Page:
The statement said that participants were briefed on a baseline biodiversity study of the proposed mining area as part of documenting the area’s life forms. But this is unnecessary. Several research documents both recent and old have already been published of the species found in Atewa Forest including the proposed mining area. These reports show that Atewa Forest contains many endangered and endemic species that would be threatened with extinction if bauxite mining goes ahead. Instead of another biodiversity report, an independent Social and Environmental Impact Assessment (ESIA) is what is urgently needed to document how mining will impact on the forest, species, habitats, ecosystem services, livelihoods and access to clean water. An ESIA is supposed to form part of any decision-making process over whether or not a development action should go ahead, but this has not been done.
GIADEC’s statements did claim that reclamation plans have been proposed as well as draft report produced. Are these documents publicly available and how can civil society access them for independent examination and validation?
Private sector investors are also urged caution. The IUCN’s Resolution 087 passed in November 2020 urging protection of the Atewa Forest and which received overwhelmingly support, “STRONGLY REQUESTS” all companies in the mining sector not to participate in any mining activities in or near Atewa Forest and all companies using aluminium to ensure that no aluminium from Atewa Forest enters their supply chains”. The Concerned Citizens of Atewa Landscape (CCAL) have made it very clear that they do not want mining companies entering their forests and destroying their resources, livelihoods, and clean water sources. Civil society supports their stand and urges caution to any private sector company interested in mining bauxite in the Atewa Forest. A number of aluminium user companies have already stated their objections to aluminium produced with bauxite from Atewa. If GIADEC is to fulfil its stated commitment to international best practices and standards, the Atewa Forest must be completely off limits to bauxite mining.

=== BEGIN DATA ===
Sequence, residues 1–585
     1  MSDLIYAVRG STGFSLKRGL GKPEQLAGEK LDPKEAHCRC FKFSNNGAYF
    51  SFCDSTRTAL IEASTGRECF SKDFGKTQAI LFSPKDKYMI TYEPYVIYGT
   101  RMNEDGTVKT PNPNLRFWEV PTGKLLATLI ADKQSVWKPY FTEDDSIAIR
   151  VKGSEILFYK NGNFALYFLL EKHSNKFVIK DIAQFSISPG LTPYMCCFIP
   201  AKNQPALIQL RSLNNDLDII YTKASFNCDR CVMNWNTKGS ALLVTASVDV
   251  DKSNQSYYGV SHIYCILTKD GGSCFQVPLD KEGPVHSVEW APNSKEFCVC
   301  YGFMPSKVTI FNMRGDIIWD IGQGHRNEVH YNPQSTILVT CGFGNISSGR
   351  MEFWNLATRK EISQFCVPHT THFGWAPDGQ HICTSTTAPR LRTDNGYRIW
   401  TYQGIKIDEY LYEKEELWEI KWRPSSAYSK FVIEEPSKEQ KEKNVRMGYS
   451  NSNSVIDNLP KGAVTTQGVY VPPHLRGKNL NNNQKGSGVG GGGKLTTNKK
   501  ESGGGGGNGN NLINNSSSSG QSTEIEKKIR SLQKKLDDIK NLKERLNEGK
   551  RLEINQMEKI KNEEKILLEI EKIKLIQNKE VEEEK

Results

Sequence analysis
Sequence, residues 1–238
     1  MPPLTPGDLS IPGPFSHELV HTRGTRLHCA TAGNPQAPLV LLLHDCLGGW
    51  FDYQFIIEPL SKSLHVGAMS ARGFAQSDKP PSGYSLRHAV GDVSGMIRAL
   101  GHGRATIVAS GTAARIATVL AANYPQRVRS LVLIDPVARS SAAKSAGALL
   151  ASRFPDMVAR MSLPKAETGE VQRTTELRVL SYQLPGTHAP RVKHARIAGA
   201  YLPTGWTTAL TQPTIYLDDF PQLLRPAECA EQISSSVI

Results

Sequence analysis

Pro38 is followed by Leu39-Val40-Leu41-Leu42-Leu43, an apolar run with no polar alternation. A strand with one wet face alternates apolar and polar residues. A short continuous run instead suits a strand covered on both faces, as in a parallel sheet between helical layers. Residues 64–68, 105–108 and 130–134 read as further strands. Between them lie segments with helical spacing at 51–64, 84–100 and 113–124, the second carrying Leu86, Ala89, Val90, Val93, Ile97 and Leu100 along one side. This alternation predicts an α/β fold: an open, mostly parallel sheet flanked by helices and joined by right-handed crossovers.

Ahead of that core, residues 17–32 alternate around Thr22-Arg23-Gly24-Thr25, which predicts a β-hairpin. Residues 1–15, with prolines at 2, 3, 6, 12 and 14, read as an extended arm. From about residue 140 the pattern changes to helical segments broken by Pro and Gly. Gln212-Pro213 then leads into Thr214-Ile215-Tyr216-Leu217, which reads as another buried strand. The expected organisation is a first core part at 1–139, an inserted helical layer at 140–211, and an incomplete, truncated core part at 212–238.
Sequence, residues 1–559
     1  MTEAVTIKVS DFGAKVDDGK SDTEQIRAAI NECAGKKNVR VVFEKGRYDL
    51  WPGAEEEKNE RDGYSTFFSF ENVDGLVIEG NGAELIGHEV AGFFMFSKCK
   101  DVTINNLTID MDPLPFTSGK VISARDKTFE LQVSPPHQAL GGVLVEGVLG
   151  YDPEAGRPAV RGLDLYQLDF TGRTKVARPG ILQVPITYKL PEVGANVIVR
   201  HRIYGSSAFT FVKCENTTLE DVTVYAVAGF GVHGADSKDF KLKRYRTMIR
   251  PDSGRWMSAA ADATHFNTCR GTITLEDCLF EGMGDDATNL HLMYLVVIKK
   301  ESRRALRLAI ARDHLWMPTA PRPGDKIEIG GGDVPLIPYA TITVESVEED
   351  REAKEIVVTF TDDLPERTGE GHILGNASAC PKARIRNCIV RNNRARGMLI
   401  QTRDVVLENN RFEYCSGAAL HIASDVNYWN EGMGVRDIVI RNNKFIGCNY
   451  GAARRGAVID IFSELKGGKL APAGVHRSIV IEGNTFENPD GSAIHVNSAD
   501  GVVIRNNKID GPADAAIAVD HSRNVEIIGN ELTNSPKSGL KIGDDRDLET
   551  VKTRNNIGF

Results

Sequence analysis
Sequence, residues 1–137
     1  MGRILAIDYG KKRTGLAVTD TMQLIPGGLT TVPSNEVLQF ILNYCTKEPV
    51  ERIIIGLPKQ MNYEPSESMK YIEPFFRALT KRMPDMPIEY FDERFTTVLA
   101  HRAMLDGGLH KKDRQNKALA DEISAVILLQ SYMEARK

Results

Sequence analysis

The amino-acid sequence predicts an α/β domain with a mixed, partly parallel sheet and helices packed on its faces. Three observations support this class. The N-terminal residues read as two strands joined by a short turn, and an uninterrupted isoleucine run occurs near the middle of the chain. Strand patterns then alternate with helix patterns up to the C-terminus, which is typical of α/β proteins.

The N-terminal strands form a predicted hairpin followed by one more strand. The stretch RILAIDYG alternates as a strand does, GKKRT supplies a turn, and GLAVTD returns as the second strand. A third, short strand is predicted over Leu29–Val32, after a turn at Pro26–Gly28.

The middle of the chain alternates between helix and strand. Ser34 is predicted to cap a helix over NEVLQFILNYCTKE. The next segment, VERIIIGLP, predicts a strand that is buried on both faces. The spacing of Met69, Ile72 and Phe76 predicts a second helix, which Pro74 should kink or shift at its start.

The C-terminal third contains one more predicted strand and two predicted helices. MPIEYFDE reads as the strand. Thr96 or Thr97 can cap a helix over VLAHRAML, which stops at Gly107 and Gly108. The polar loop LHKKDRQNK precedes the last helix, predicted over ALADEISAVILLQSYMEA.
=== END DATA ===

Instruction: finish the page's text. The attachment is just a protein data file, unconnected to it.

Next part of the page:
GIADEC has done one good thing, though, by raising the issue of illegal mining and forest destruction in Atewa Forest, stating we will one day “get up and find that there is no forest at all”. Civil society has also made this point countless times over the years. The destruction of state gazetted forests by illegal activities should be the concern of any state agency that has the wellbeing of Ghanaians at its centre. Citizens should not have to fight our government agencies to ensure that we benefit from the judicious and sustainable use of our natural resources. Or is the government and its agencies deliberately allowing the forest to be decimated by illegal actors, to serve as justification for mining it? A typical case of “give the dog a bad name so you can hang it”? (while communities continue to suffer the impacts?) The problem observed by GIADEC will only get worse with bauxite mining: building mining roads into closed forests opens up currently inaccessible areas to illegal operators. The illegal mining and logging you see today will flourish in the protected area once GIADEC facilitate access for illegal actors.
There are currently several non-extractive uses for forests such as Atewa Forest that have significant prospects of harnessing green investments that will offer quality green jobs and ensure wellbeing for all.
We urge GIADEC to work with us to explore these green investments for the benefits of Ghanaians today and tomorrow.